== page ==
Listen on BBC Radio, Free Thinking programme. 45 min
From Paul Nash paintings of blasted tree stumps in the first world war to today’s commemorative planting: Paul Gough, Gabriel Hemery and Gail Ritchie join Samira Ahmed to explore woods in war and peacetime.
The 100th anniversary of World War I is being marked by the planting of woods across the UK under the banner ‘We Will Stand For Those Who Fell’; the trees’ annual cycles of regeneration and recovery a metaphor for mourning, memorial and moving on. But throughout history wood has been one of the central commodities required for the machinery of war and World War 1 was no different.
Historian James Taylor from the Imperial War Museum shows Samira some of the wooden artefacts which tell a story of wood’s darker destructive side.
For many though, the paintings of Paul Nash, with their scenes of smashed solitary tree stumps standing in empty battlefields are a multi-layered evocation of that war’s futility, horror and waste.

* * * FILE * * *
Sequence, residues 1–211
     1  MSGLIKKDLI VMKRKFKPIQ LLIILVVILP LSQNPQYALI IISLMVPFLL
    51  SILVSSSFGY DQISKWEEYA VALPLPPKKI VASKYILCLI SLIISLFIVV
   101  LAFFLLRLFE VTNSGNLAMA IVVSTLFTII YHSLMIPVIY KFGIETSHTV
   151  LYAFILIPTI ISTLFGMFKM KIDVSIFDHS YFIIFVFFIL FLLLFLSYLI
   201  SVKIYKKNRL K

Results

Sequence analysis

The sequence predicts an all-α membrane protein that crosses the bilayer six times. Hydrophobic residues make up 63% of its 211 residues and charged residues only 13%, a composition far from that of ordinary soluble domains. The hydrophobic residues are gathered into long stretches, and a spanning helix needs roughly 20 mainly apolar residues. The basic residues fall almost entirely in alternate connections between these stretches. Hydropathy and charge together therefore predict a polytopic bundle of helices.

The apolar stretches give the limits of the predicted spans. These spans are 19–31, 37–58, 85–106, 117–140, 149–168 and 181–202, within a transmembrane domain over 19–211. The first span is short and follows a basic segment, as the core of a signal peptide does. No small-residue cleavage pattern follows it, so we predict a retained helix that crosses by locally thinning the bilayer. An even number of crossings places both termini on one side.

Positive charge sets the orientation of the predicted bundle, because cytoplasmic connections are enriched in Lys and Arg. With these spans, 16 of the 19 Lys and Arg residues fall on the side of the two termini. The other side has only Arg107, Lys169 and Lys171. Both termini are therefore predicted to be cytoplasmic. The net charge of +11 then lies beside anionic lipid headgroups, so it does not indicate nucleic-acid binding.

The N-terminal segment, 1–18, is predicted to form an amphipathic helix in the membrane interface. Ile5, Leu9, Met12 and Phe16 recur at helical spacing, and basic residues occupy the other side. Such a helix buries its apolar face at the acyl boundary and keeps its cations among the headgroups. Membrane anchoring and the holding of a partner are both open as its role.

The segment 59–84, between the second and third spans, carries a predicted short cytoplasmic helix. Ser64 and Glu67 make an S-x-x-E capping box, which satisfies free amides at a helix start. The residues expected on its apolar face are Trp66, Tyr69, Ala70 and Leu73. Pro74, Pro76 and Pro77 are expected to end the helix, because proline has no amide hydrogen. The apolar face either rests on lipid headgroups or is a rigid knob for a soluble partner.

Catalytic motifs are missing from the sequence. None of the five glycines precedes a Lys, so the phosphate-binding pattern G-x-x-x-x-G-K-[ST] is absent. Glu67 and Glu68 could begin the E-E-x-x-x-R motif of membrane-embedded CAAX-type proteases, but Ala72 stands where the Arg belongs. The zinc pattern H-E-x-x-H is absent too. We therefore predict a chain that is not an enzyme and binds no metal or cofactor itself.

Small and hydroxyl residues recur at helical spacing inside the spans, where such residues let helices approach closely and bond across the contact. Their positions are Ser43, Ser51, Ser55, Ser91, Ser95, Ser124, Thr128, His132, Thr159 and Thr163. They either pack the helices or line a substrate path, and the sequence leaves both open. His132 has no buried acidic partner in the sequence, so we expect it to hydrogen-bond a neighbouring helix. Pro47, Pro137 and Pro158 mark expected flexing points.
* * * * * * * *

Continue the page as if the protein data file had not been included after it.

Samira takes a look at Paul Nash’s 1918 painting ‘We Are Making A New World’ and talks to the artist, writer and Nash expert Paul Gough about this and other iconic Nash images and whether they have new messages for us today. They’ll be joined by forest scientist Gabriel Hemery of the New Sylva Foundation to talk about the links between war and forest stock over time and Northern Irish artist Gail Ritchie whose current work explores some of Nash’s themes in visual representations of present day conflicts and loss.